In wet softwood floors, severe moisture in carpet padding can force mildew toward your bottom area rug or even your baseboard molding under carpets. Although the carpet padding and baseboard molding can also be sources of water vapor by absorption, they are not as problematic as soggy softwood floors. Softwood floor framing usually will accept adequate moisture after installation in a home or commercial building.
Mold grows partly from the water vapor created by our bodies, and the air around us can also support mold growth. Certain foods and condiments, and products containing chemicals or preservatives may contribute to mold problems if they are left out overnight on countertops or other surfaces where food is prepared. For example, ketchup’s high sugar content makes it a favorite of some molds, though not all species like this condiment vinegar is also an “accompanying” mold for many types of organisms (see below). Foods that contain high acidity, including citrus fruits or juices, may produce microbial problems, especially in a heavily humid climate.
Humidity control is essential to prevent mold growth because too much moisture can catalyze mold growth. Consequently, molds multiply in warm, moist environments and on non-porous materials such as wood and fabrics. It is recommended to work with a professional home maintenance business if you have questions concerning ventilation windows or other items of your property that may allow moisture into the house.
Molds will grow in moist areas, so consider repositioning personal items such as humidifiers in bathrooms and keeping dishwashers and kitchen sink drains clear.
If the air outside a room is humid and cool, mold will grow under outlet vents near window sills or doors if these areas remain constantly moist. The buildup of moisture can be prevented in this case by periodically opening windows until the automatic moist heat has dissipated. A major cause of mold growth inside buildings is moisture resulting from inadequate ventilation, condensation, or leakage, according to the National Pest Management Association (NPMA).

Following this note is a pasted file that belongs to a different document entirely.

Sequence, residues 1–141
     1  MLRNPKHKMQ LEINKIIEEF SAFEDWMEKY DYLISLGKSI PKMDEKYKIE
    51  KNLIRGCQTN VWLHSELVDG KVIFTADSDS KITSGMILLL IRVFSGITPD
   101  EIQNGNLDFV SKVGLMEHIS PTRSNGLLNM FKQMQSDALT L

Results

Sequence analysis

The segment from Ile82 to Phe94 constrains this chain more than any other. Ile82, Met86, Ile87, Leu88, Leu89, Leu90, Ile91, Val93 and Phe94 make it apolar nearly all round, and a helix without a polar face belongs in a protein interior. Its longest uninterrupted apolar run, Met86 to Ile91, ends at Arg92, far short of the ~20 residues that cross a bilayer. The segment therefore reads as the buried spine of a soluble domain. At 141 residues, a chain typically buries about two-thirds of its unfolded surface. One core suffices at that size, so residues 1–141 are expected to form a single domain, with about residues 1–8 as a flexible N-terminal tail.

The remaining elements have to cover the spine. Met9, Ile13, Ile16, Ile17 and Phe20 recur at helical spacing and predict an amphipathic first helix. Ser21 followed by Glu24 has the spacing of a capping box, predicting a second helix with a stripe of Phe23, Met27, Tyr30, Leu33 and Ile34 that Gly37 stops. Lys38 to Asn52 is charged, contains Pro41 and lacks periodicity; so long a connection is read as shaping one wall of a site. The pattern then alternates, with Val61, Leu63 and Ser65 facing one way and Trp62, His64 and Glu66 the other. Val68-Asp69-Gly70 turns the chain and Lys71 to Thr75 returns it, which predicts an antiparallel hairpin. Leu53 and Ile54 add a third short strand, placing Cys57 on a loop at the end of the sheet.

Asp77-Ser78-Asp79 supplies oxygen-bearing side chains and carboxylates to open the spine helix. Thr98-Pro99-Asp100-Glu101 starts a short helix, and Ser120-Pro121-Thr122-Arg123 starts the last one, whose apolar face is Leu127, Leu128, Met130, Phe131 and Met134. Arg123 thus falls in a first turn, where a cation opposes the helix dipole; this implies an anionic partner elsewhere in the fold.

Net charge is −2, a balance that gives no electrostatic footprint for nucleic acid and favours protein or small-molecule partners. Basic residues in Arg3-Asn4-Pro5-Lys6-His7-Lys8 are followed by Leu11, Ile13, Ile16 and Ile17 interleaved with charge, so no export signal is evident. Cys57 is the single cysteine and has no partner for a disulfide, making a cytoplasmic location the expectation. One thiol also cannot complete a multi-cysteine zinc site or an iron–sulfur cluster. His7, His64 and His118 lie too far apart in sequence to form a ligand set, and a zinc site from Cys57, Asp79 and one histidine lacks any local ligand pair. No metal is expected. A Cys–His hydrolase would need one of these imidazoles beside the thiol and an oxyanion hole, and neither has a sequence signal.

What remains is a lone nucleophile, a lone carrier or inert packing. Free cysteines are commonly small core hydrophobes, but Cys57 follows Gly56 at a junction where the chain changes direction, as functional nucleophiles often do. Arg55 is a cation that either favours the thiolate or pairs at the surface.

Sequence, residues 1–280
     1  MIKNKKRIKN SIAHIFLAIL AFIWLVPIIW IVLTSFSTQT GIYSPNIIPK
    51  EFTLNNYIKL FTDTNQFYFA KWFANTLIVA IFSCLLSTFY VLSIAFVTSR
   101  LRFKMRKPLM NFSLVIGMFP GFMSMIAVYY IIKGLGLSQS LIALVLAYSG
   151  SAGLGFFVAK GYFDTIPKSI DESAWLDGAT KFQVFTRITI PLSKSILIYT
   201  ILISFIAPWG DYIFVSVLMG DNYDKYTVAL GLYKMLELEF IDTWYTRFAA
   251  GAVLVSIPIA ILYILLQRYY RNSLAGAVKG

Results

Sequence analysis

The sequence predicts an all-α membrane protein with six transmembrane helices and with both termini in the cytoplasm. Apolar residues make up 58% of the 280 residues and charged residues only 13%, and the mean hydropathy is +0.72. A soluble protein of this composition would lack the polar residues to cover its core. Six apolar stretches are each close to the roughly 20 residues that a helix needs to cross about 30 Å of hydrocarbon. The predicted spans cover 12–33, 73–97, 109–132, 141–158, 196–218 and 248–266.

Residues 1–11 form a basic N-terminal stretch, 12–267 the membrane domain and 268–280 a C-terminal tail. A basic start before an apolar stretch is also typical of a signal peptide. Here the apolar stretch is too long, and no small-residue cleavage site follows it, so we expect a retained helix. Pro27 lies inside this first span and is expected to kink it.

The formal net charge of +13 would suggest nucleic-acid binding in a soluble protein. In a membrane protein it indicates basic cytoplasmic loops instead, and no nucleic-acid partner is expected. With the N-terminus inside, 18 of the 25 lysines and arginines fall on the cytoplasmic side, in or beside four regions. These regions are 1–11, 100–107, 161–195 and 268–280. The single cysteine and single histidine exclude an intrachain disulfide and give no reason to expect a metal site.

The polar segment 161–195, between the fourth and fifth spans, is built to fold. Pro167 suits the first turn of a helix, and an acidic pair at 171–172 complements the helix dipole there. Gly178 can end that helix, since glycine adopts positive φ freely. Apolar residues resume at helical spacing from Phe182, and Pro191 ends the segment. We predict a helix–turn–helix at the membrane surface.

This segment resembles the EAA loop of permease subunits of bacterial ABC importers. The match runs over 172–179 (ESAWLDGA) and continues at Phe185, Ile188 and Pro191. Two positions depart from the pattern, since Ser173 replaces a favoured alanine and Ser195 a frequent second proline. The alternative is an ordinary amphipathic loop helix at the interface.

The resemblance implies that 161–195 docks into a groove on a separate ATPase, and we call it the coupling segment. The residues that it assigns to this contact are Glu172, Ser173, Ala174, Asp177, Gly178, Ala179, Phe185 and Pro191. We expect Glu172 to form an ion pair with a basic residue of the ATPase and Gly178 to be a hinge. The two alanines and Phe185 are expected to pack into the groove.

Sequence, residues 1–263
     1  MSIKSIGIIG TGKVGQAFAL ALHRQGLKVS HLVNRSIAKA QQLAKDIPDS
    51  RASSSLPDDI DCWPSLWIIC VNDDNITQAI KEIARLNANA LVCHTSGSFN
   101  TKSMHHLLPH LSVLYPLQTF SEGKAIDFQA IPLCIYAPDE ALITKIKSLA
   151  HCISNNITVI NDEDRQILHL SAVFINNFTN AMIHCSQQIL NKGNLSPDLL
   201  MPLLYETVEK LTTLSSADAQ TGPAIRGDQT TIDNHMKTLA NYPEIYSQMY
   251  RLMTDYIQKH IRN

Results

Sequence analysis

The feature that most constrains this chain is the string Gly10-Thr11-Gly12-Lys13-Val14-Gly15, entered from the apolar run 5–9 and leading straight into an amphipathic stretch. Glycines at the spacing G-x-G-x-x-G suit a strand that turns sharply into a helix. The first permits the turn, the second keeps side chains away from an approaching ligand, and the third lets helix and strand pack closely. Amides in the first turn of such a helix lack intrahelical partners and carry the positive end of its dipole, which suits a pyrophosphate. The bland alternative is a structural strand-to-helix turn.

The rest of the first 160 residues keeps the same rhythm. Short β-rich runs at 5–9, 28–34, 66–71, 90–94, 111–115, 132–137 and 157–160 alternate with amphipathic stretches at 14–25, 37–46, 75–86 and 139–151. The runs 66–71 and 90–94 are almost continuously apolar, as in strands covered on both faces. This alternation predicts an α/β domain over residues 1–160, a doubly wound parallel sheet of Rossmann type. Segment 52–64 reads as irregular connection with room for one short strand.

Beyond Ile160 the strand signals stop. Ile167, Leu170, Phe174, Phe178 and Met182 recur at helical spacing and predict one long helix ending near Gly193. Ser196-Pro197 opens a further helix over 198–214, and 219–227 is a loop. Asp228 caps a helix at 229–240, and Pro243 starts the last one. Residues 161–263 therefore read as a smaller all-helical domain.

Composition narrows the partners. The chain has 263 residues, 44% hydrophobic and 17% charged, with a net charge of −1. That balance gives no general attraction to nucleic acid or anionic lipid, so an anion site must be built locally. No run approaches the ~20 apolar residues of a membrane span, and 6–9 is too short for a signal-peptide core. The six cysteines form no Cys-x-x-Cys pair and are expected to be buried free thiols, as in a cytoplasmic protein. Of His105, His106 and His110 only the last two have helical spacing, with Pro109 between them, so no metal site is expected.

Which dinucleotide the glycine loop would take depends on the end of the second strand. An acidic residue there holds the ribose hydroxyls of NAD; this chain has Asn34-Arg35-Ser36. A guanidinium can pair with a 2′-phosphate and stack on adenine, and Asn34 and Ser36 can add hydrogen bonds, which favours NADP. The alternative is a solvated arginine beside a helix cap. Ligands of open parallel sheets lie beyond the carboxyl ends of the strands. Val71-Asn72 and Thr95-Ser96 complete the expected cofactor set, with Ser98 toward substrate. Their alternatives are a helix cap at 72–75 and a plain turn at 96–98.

However, if a building has structural problems, consider seeking an experienced building inspection professional to examine the defects. Structural issues may be a personal danger, including unstable or damaged buildings and uncomfortable and unsanitary living conditions caused by inadequate ventilation systems in houses with poorly insulated walls or roofs. It is essential that you check your insulation and ventilation and report any maintenance needs to a professionally experienced inspection business in your community.
Flood & mold growth
Mold growth is typical after flooding or water damage, and Flood-damaged carpets can suffer severe water damage and mold growth. Mildew is the usual fungus that grows after flooding or leaky plumbing. Carpeting has a moisture content of 25% to 65%, depending on its construction style, subfloor installation types, and material characteristics. The common ways to remove or effectively deal with mildew on carpets are cleaning, evaporating moisture by circulating dry air, and applying mold repellent products.
Places Where Water and Moisture Collect
Mold quickly accumulates in areas with surplus water and moisture. Among them, the attic, bathrooms, and basements may contain higher concentrations of mold than other parts of your home. In addition to moist places, it is also common for mildew to grow on building materials in or near the basement or attic.
Mold growth is a common occurrence in our homes and businesses. However, the type of mold that grows depends on the climate and other environmental factors. When it comes to controlling mold growth, you can do a few things to prevent it from spreading. One thing you can do is to keep the air circulating in your home or business space by opening windows during warmer months and using dehumidifiers when needed. Other steps include cleaning up spills as soon as possible, keeping all surfaces clean, and preventing water from leaking into your living spaces.
If you have trouble regulating the indoor climatic or environmental setting to prevent mold growth, do not hesitate to contact us.